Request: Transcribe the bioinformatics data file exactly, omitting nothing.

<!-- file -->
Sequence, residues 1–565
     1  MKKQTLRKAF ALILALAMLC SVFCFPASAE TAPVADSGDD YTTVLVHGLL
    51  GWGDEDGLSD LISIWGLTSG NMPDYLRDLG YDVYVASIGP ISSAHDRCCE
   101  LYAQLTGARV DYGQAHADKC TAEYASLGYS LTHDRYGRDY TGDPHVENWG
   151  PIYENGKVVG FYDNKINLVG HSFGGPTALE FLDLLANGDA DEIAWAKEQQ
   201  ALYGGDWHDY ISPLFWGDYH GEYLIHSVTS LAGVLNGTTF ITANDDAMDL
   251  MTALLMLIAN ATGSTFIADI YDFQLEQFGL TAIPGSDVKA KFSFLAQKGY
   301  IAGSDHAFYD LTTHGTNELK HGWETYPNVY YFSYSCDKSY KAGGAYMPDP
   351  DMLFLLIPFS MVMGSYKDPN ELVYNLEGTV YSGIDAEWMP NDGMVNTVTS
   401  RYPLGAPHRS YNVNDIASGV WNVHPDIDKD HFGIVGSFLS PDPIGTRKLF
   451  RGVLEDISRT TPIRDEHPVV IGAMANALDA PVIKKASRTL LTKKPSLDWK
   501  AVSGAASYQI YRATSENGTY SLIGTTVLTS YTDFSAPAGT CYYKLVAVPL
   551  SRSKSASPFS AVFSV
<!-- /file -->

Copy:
Sequence, residues 1–565
     1  MKKQTLRKAF ALILALAMLC SVFCFPASAE TAPVADSGDD YTTVLVHGLL
    51  GWGDEDGLSD LISIWGLTSG NMPDYLRDLG YDVYVASIGP ISSAHDRCCE
   101  LYAQLTGARV DYGQAHADKC TAEYASLGYS LTHDRYGRDY TGDPHVENWG
   151  PIYENGKVVG FYDNKINLVG HSFGGPTALE FLDLLANGDA DEIAWAKEQQ
   201  ALYGGDWHDY ISPLFWGDYH GEYLIHSVTS LAGVLNGTTF ITANDDAMDL
   251  MTALLMLIAN ATGSTFIADI YDFQLEQFGL TAIPGSDVKA KFSFLAQKGY
   301  IAGSDHAFYD LTTHGTNELK HGWETYPNVY YFSYSCDKSY KAGGAYMPDP
   351  DMLFLLIPFS MVMGSYKDPN ELVYNLEGTV YSGIDAEWMP NDGMVNTVTS
   401  RYPLGAPHRS YNVNDIASGV WNVHPDIDKD HFGIVGSFLS PDPIGTRKLF
   451  RGVLEDISRT TPIRDEHPVV IGAMANALDA PVIKKASRTL LTKKPSLDWK
   501  AVSGAASYQI YRATSENGTY SLIGTTVLTS YTDFSAPAGT CYYKLVAVPL
   551  SRSKSASPFS AVFSV